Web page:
Category Archives: flexitarian


On My Mind Monday 3.12.12

newspaper | photo: mconnors

It’s never the same two weeks in a row.  This is my snapshot of what I find interesting.  Information about health, nutrition, and/or holistic living.  Here’s what’s on my mind.

Well, it’s Monday.  For growing numbers of people that means it’s Meatless Monday.  Choosing to eat a meatless meal one day a week can have a positive environmental impact.  The Environmental Working Group has produced a brochure called Meat Eaters Guide To Climate Change and Health. It raises some interesting points including the fact that uneaten meat is responsible for 20% of greenhouse gases.  That ties in pretty heavily to Jonathan Bloom’s latest column about not wasting meat.  Definitely something to think about when you’re planning dinner.

Pi Day is coming.  For the geeks among us it’s a fun celebration.  3.14159 is as far as I remember the value of Pi.  So this Wednesday, celebrate and have some pie.  I’m not sure what kind I’m going to make yet but I do know I’m going to be using my newfound perfect piecrust recipe.  Remember, it doesn’t have to be sweet to be a pie, savory pies count too.

Ag Gag Rules – Apparently Iowa would rather consumers not know what really goes on in commercial agricultural operations.  They’ve just passed a bill, about to be signed into law by the Governor, that will allow for stiff punishment for anyone attempting to film operations without the owners permission.  Given the many videos that have come out of such efforts which show inhumane and in some cases barbaric treatment of these animals I can understand why the industry doesn’t want them filmed.  It makes them look bad.  What I don’t understand is why there is no big push to stop this behavior.  Instead of hiding it in the dark so consumers can see it, I believe our food system should be openly viewed by all so that consumers can understand where their food comes from and how it is produced.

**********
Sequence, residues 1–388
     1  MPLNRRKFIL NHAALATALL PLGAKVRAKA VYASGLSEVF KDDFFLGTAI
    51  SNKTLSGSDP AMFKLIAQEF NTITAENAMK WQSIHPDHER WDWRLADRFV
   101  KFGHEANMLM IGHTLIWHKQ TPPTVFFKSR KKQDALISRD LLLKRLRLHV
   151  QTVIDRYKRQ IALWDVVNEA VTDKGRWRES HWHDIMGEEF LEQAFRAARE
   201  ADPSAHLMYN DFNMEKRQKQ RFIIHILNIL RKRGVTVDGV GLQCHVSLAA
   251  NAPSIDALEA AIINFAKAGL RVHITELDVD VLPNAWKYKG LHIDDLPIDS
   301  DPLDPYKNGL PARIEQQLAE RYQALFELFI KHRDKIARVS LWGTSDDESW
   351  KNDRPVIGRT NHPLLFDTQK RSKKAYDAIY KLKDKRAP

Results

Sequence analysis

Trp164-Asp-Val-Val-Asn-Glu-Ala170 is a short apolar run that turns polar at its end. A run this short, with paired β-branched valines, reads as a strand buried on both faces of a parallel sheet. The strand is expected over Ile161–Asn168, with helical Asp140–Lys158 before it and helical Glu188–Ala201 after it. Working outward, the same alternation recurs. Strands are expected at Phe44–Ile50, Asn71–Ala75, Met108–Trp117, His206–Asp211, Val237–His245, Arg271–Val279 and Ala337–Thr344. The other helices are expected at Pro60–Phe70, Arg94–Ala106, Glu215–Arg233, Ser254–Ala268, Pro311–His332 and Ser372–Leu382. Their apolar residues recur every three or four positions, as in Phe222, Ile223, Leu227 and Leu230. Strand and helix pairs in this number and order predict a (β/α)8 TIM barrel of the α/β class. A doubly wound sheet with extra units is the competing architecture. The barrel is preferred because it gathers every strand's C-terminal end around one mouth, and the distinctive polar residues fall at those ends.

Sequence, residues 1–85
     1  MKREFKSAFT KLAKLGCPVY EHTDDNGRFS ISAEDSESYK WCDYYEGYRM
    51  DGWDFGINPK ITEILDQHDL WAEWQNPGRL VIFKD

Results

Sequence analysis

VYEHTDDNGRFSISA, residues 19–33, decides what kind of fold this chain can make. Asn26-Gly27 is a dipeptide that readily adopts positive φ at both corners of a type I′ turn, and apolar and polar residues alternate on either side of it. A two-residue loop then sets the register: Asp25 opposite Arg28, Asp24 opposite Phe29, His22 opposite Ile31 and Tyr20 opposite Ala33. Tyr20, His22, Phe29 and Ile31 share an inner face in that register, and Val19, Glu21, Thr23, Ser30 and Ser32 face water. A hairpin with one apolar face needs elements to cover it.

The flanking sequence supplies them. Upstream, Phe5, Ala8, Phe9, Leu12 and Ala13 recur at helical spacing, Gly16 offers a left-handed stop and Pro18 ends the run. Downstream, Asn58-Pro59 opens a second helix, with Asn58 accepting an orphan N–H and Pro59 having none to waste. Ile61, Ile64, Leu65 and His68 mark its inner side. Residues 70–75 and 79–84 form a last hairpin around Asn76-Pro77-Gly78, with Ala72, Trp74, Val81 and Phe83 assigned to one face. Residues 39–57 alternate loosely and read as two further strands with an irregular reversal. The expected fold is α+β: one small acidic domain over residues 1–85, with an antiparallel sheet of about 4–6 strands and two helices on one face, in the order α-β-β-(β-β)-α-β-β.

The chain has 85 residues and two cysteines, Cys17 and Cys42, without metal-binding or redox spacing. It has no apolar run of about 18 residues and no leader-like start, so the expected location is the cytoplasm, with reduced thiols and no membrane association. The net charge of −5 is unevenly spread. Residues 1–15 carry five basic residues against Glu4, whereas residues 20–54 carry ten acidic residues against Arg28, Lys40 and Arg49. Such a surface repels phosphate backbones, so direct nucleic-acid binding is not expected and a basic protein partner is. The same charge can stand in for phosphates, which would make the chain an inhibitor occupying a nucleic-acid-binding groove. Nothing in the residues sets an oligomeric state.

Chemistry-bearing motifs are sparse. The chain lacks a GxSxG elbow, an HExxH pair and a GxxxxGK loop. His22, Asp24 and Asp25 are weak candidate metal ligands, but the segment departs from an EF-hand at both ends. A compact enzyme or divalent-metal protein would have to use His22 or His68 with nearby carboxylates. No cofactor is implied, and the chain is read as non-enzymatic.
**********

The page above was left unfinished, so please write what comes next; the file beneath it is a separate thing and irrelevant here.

Meat Nutrition Labeling – turns out that last week the USDA’s required meat nutrition labeling started.  I suppose it’s not a bad thing to have labels on the meat letting folks know how much is a serving and what the nutrition breakdown is.  But this label isn’t complete.  In my opinion it would be better if it also let you know how the animal was raised.  What it was fed.  How much antibiotics were given to the animal during it’s lifetime.  How much hormone?  These are all important factors that affect the quality of the meat but, more importantly, the health of the animal; ultimately that translates to your health.

Edible Packaging – Being touted as a possible way to reduce or eliminate plastic waste I think this has the potential to be a good idea.  Some of the challenges as I see it:  (a) are you really going to want to eat off the shelf edible containers after they’ve sat in the dust and been handled by who knows how many people?  (b) what exactly is the edible substance made from?  I’m not convinced that it won’t be another suspicious food waste product disguised as GRAS  (c) will people really eat it?  I suppose if they don’t the hope is that it will be biodegradable and break down more fully.

Tony Geraci is on a mission to reform school food and create a model that school cafeteria’s all across the country can follow. Can’t wait to see this film.

Mediterranean Rice Salad

Recently I went to a party and I needed to bring a dish to share.  The food theme of the evening was Mediterranean.  Wanting to make something fresh and different (and more than just the typical hummus and pita or a Greek salad) I rummaged around in my pantry and put together this amazingly delicious rice salad.  One of the great things about this dish is that it makes use of fresh vegetables and fresh herbs.  I love salads like this, often preferring them the next day after the flavors have had a chance to meld and blend.

It was a big hit at the party and my family was rather disappointed that I didn’t bring home more leftovers. I got two thumbs up from the kids (my personal taste testers) and they told me that I should definitely make it again.

Mediterranean Rice Salad

1 cup cherry tomatoes, quartered
1 red sweet bell pepper seeded and diced
4 spring onions, diced
3 ribs celery, diced
1 cup assorted olives, diced
1/4 cup sun dried tomatoes in oil, drained and diced
1/2 cup pine nuts
1 bunch parsley, de-stemmed* and minced
1tablespoon minced basil leaves
4 cups cooked basmati rice
2 tablespoons olive oil
1 tablespoon red wine vinegar
sea salt and fresh ground pepper to taste

Mix all ingredients together, toss well, let sit 2-3 hours for flavors to develop.

Delicious!

*When I de-stem herbs like parsley or cilantro I’ve learned a little trick that makes it very easy:

Leave the herbs bound together, wash well to clean and shake dry
Holding the stems use a chef’s knife and chop at the leaves in a short brisk fashion moving down the stems